This cohort study observed a relatively small number of CLD cases, predominantly among NAFLD patients. Besides, patients with CLD were comparable with those without CLD in terms of disease severity and mortality. However, pre-existing CLDs on admission and abnormal liver chemistries were reported to be associated with severe COVID-19 (4, 9). In early studies, COVID-19 patients with NAFLD showed rapid disease progression and extended periods of viral shedding compared with those without NAFLD. Moreover, NAFLD also increases the hepatotoxicity of certain medications, such as acetaminophen, which may exacerbate COVID-19 liver chemistries (16). Previous reports showed that the prevalence of the pre-existing liver disease is variable in patients with COVID-19 (3, 6, 9).

This study found an association between male sex and COVID-19. Besides, 71% of COVID-19 cases were recorded in male patients, compared with only 39% in female patients. These findings are supported by various population-based and epidemiological studies from other countries.9,18 Our findings showed that the ALT and AST levels were higher in male patients than in female patients (5, 9). Furthermore, higher ALT levels correlated with older age. Feng et al. assumed that older age implied an increased risk of liver impairment, given that children with COVID-19 had no liver damage (12). By contrast, Xie et al. did not find any age differences between people with and without hepatic injury (17). However, Nikpouraghdam et al. showed that COVID-19 is more common among adult male individuals (median age 34 - 59 years) (18).

Compared with previously published reports, the mortality rate was 17.8% among hospitalized patients. Previous similar reports showed higher mortality rates among patients with COVID-19 who had hospital admissions from China.8 Other reports from the United States showed low mortality among on-ICU patients (19). In addition to that and similar to our findings, comorbidities, and ICU admission were associated with a higher mortality rate (8). Moreover, in our cohort, deceased patients had higher baseline serum ALT levels on admission than survivors, which is similar to the finding from previous studies on liver injury in COVID-19-infected patients (1, 6, 9).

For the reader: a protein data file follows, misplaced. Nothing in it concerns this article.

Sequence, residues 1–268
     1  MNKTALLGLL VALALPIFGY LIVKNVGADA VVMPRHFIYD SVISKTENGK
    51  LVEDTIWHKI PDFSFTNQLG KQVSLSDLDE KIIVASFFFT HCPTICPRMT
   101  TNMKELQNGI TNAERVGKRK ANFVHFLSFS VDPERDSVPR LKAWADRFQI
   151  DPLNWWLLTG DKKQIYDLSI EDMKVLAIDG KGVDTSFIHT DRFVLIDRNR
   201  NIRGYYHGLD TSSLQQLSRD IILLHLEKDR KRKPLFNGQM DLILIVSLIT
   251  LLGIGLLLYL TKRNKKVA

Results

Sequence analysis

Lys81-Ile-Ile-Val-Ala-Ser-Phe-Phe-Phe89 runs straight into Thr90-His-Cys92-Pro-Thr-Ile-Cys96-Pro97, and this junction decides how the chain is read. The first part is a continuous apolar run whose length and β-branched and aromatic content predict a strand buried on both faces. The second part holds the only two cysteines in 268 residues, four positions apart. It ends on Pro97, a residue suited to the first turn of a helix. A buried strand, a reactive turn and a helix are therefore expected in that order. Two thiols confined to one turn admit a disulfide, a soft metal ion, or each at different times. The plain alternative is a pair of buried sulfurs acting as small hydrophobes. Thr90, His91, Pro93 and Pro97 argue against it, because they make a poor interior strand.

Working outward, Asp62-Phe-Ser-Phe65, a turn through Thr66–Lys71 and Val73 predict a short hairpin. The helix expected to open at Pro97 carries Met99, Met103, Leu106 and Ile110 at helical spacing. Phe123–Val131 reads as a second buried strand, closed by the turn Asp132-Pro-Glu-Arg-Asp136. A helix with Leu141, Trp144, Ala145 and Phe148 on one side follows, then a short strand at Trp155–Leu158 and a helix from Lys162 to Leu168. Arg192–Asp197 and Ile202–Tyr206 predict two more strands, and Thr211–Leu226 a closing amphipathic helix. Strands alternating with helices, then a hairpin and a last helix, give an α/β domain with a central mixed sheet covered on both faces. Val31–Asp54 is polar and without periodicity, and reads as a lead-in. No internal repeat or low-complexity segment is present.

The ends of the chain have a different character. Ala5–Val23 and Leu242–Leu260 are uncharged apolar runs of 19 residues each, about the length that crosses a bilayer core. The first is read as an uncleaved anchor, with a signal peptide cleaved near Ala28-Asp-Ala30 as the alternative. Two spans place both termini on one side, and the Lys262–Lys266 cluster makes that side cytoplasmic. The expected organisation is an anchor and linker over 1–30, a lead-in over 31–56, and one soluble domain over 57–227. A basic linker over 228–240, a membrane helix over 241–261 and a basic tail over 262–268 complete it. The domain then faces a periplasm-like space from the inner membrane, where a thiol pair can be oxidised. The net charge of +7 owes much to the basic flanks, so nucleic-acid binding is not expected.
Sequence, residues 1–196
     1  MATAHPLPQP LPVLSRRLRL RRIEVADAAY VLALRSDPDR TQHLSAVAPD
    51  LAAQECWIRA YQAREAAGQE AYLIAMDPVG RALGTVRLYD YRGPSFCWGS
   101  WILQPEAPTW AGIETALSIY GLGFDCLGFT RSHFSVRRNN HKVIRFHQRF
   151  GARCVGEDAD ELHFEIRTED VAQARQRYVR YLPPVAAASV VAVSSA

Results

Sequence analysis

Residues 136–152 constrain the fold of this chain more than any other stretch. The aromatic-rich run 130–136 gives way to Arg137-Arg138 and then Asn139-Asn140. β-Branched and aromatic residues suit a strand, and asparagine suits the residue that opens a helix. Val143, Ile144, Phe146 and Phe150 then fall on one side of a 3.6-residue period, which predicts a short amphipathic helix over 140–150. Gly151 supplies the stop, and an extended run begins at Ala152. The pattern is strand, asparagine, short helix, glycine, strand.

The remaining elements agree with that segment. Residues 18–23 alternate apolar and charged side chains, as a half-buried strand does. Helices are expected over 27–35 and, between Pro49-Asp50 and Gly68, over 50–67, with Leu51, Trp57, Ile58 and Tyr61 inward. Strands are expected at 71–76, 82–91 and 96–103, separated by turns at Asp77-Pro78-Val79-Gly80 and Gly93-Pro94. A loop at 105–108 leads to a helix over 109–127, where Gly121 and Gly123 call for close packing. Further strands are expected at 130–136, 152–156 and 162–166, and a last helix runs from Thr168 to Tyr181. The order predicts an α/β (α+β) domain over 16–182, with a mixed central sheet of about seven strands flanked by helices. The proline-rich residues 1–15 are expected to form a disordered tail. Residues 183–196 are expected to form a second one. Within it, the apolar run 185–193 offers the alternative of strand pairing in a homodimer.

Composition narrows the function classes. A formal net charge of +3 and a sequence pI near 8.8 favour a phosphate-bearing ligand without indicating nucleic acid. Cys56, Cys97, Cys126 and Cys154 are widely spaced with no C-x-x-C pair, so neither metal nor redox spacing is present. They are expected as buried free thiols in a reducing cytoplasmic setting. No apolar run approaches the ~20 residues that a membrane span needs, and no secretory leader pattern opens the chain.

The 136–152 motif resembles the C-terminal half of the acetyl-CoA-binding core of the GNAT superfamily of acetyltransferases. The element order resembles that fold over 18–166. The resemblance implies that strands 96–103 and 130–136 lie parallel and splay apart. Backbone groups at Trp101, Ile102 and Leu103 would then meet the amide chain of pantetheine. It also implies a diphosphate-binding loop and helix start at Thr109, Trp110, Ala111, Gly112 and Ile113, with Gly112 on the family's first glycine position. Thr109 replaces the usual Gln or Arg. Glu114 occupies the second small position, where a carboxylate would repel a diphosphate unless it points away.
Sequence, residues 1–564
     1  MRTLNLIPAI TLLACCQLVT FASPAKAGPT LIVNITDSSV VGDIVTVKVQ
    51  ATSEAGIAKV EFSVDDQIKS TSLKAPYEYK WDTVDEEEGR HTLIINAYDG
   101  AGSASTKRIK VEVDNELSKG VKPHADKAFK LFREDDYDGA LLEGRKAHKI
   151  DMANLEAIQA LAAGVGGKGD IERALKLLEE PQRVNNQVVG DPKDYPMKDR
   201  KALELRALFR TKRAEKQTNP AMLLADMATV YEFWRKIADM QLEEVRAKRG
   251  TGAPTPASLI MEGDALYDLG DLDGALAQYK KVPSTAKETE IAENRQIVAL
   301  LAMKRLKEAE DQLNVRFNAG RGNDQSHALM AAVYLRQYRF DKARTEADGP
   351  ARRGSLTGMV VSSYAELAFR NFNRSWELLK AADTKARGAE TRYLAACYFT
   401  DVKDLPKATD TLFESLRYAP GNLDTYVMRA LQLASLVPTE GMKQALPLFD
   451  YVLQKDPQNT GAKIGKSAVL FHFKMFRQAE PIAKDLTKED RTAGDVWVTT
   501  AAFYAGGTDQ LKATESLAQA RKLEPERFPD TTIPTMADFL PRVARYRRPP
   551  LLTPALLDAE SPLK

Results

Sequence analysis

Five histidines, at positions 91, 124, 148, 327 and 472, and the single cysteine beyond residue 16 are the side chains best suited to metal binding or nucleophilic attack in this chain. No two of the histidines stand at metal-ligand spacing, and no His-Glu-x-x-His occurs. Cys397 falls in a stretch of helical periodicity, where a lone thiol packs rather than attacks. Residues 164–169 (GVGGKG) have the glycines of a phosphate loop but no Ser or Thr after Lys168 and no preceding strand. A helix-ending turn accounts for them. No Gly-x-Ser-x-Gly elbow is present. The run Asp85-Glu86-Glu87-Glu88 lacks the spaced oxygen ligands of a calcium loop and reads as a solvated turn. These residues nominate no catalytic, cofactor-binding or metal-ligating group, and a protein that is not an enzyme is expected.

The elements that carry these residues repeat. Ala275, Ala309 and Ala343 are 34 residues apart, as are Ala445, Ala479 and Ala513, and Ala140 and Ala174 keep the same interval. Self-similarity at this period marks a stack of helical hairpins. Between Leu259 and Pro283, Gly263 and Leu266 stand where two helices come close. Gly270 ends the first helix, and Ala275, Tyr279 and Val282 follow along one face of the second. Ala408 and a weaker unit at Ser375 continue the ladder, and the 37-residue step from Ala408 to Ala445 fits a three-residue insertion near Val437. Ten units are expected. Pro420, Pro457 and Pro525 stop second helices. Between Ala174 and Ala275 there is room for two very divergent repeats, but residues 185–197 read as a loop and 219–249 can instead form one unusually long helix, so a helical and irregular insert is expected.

5.1. Study Limitations

The study's retrospective nature is a limitation because the data collection and the time of performing LFT were not preplanned and standardized for all patients. Moreover, the number of patients with CLD was small; thus, definite conclusions can be drawn from the results obtained about COVID-19 in patients with pre-existing liver disease.

5.2. Conclusion and Perspectives

This study indicated that men and adults accounted for the majority of COVID-19 cases in the study hospital. Abnormal liver chemistries in patients with COVID-19 were common and related to adverse clinical outcomes. Therefore, clinicians need to monitor liver biochemistries closely and use medications with the lowest hepatotoxicity in these patients sufficiently and cautiously. Future multicenter studies on patients from the Middle East with pre-existing CLD who had COVID-19 infection will guide the care of that category of patients.